U.S. Open

U.S. Open 2019: Justin Thomas discovers more putting practice does not necessarily equal better putting

Justin Thomas putts on the second green during the second round of the Masters at Augusta National Golf Club on April 12, 2019, in Augusta, Georgia. (Photo by Mike Ehrmann/Getty Images)

By Brian Wacker
PEBBLE BEACH, Calif. — The last time a major was played, Justin Thomas was on the couch watching on television, missing last month’s PGA Championship at Bethpage Black due to a nagging right wrist injury that sidelined him for more than a month.

After starts at the Memorial and last week’s RBC Canadian Open, however, Thomas declared the wrist a “non-issue” on Monday in advance of this week’s U.S. Open at Pebble Beach.

“I was more upset because I really like Bethpage and I feel like it’s a really, really good golf course for me,” he said. “Same way I feel about Quail Hollow and the same thing about Colonial.

“But everything happens for a reason. And like I said, at Memorial I could go have a great rest of the year, win a major or two and no one will remember that I had to skip the PGA.”

Related: Assessing every player’s chances at Pebble Beach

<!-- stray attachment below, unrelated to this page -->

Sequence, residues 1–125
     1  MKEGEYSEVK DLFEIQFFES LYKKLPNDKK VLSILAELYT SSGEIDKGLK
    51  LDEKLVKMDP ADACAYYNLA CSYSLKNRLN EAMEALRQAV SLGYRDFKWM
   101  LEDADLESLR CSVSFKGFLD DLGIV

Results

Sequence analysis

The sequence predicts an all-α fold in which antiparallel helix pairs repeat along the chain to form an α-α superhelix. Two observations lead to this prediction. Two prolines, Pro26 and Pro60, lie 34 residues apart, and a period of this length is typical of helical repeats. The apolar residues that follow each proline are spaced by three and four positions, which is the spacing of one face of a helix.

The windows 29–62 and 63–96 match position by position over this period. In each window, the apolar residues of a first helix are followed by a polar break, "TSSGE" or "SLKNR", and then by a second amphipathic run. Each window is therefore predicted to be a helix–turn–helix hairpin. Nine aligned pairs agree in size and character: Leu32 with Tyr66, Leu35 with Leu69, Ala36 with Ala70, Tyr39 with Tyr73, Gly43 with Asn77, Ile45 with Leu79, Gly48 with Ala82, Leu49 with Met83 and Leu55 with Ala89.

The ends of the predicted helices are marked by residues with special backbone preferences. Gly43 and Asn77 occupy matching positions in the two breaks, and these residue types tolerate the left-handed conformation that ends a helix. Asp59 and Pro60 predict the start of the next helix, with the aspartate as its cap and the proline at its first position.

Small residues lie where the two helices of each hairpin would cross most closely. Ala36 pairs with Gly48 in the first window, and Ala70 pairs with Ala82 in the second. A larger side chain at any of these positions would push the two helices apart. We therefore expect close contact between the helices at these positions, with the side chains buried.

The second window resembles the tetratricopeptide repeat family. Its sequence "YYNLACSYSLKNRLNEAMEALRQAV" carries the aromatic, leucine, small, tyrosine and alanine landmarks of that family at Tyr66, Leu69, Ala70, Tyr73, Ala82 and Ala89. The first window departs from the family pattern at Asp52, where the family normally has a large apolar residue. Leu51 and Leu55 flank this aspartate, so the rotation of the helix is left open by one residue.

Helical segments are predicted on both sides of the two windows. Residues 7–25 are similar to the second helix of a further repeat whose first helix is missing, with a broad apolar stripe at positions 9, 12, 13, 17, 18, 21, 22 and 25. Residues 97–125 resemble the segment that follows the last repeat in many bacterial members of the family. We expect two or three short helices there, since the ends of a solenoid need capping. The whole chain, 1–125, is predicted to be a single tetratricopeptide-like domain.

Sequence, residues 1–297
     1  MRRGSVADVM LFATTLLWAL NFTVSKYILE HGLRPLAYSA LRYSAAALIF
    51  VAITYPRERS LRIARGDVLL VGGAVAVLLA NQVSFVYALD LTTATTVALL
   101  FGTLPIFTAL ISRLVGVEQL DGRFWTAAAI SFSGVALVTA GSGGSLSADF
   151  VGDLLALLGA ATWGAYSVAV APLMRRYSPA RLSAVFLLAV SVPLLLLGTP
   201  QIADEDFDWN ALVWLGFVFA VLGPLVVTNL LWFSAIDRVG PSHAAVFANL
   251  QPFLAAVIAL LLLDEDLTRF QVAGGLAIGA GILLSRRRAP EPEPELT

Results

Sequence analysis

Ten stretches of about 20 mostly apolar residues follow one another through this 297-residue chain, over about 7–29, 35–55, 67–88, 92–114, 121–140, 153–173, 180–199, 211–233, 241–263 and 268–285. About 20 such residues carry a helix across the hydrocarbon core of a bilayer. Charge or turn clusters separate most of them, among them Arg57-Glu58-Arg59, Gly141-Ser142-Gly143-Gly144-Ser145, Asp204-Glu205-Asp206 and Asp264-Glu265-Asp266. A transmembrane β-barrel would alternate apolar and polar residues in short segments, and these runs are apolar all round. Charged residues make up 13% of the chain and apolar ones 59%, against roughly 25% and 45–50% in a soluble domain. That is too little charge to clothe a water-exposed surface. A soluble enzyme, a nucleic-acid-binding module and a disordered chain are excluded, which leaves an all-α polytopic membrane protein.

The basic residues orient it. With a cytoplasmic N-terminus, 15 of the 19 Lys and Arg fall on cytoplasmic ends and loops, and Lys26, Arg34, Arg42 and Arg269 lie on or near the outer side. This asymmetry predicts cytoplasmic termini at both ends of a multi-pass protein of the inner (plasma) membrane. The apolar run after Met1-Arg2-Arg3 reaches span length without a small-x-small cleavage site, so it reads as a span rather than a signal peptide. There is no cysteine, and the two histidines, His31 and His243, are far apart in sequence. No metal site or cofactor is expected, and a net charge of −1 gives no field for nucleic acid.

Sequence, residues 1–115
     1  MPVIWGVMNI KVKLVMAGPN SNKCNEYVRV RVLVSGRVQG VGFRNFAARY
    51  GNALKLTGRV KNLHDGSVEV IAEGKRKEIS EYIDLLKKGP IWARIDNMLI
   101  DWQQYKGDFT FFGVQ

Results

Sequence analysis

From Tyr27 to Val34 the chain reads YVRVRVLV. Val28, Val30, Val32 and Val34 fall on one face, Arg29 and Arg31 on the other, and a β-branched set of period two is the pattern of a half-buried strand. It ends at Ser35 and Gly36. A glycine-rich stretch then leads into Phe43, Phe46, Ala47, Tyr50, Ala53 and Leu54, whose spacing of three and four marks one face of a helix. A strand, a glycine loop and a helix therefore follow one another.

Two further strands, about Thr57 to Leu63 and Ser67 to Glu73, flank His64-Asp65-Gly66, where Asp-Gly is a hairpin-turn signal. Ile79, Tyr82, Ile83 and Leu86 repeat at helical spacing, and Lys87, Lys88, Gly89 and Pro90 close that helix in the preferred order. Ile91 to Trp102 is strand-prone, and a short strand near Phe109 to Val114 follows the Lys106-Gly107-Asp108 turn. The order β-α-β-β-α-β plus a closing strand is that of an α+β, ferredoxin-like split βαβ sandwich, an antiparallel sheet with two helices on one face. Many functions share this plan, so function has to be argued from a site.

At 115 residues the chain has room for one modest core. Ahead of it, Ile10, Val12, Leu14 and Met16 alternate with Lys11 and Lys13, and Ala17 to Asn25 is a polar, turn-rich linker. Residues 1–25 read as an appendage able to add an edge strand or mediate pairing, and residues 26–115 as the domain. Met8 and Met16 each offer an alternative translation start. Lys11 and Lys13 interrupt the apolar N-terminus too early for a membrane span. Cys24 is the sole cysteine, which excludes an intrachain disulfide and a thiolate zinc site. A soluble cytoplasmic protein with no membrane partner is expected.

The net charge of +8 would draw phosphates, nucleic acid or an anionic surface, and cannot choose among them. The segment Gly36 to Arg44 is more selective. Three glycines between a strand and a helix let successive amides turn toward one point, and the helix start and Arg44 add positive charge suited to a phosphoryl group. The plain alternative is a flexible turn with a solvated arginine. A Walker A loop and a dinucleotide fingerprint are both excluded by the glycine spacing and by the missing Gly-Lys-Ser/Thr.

The bigger problem? Boredom. And rust.

Thomas missed the cut at Muirfield Village then added to the Canadian to his schedule, tying for 20th. After finishing in the top 10 in four of his first five starts of 2019, which included a pair of third-place finishes, Thomas has just one top 20 in his last six starts.

There was a more nefarious culprit, though.

“The injury was at a weird time because all I could do was putt for a while,” Thomas said. “I think I could honestly say that I had too much time to putt because when you putt for two or three hours a day, you start thinking, maybe I should try this or do this, or how many times can I do this drill or do that drill.

“It was like, Man, I think I actually am over-putting right now.”

To his point, Thomas, whose lone major victory came at the 2017 PGA at Quail Hollow, ranks 121st in strokes gained/putting on the PGA Tour this season after ranking in the top 50 each of the last two years.

“The year has been weird, it really has,” said Thomas, whose last victory came at the World Golf Championships-Bridgestone Invitational last August. “I got off to a great start, consistency-wise. I had a couple of great chances to win. I felt like I really should have won LA. I felt like I had a great chance to win Phoenix.

“I’m just trying to stay as patient as I can because I don’t know if it will be this week, if it will be in August, if it will not be until next year, I don’t know when it’s going to be that I’ll win again. But I know that I miss it and it feels like it’s been a while and I’m ready to start doing it again.”

 

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